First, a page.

Researchers at the University of Utah tested more than 150,000 compounds in search of candidates that could reduce levels of alpha-synuclein, a protein that forms clumps and kills neurons, leading to neurodegenerative diseases like Parkinson’s disease and dementia with Lewy bodies.
The study authors edited lab-grown human cells by inserting a light-producing protein derived from fireflies. When the gene responsible for alpha-synuclein production—SNCA—was active, the cells would glow, and when SNCA activity diminished, the light would dim. Researchers were able to test a large number of compounds with high-throughput screening and identified A-443654 as the candidate best able to reduce SNCA activity, thus blocking the production of alpha-synuclein.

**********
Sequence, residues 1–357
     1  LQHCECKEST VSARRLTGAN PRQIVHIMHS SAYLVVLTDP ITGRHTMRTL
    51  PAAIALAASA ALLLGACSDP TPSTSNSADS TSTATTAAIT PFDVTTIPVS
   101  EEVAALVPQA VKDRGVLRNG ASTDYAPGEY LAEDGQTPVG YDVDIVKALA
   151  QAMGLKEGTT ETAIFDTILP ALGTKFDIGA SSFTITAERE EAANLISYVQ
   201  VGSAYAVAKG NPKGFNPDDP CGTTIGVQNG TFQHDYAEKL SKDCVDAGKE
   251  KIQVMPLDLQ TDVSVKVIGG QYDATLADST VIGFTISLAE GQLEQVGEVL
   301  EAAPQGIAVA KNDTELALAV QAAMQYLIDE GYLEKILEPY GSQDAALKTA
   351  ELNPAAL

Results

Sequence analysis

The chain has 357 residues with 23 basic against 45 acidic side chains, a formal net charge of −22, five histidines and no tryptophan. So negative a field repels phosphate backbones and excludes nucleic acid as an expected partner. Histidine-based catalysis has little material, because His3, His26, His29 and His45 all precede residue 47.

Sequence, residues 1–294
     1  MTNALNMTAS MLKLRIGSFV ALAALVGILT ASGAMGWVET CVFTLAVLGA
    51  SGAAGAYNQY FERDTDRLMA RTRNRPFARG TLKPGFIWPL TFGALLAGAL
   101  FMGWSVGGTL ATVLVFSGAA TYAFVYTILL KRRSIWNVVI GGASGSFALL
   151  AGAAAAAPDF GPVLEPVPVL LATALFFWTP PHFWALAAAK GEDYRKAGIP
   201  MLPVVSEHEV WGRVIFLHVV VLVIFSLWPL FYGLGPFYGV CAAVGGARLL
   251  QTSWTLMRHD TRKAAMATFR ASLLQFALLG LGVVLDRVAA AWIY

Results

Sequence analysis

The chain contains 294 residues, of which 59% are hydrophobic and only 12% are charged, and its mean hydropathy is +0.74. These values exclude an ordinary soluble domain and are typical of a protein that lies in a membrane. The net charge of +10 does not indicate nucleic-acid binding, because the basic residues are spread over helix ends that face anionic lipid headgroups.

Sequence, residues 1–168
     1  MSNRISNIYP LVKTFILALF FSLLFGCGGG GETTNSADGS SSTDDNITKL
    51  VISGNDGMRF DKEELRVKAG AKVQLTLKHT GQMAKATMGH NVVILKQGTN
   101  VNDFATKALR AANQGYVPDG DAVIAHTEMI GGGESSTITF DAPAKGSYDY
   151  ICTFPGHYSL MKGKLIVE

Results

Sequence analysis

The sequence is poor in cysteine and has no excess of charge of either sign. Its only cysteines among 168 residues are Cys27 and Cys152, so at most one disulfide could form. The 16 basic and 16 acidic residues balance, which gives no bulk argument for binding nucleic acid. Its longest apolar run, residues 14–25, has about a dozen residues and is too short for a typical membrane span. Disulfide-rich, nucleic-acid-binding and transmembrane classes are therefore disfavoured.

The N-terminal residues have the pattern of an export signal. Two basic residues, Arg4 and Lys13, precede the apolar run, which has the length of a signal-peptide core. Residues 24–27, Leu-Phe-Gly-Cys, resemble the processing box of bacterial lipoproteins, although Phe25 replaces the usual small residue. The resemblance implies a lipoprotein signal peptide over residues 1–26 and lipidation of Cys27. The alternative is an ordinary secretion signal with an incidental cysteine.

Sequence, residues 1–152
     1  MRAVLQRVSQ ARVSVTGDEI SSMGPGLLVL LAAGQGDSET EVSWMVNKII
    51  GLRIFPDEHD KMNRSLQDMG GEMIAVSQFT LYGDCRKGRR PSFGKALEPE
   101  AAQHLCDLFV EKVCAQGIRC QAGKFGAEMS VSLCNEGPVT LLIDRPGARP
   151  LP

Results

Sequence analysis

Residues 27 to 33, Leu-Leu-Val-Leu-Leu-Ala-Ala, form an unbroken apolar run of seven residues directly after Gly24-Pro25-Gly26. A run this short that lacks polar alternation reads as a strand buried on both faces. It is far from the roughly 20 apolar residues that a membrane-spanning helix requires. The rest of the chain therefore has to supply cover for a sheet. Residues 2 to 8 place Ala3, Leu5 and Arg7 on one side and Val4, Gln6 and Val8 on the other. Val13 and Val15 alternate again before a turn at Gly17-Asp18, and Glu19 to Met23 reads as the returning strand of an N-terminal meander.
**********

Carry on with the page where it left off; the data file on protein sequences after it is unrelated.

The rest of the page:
When alpha-synuclein forms clumps, it also stresses the cell’s built-in system for clearing misshapen proteins. A-443654 appeared to reduce that stress, indicating it may improve the cell’s ability to clear clumps that have already formed in addition to preventing new clumps from forming. Further research will help determine whether A-443654 can be developed into a treatment for Parkinson’s disease and other synucleinopathies.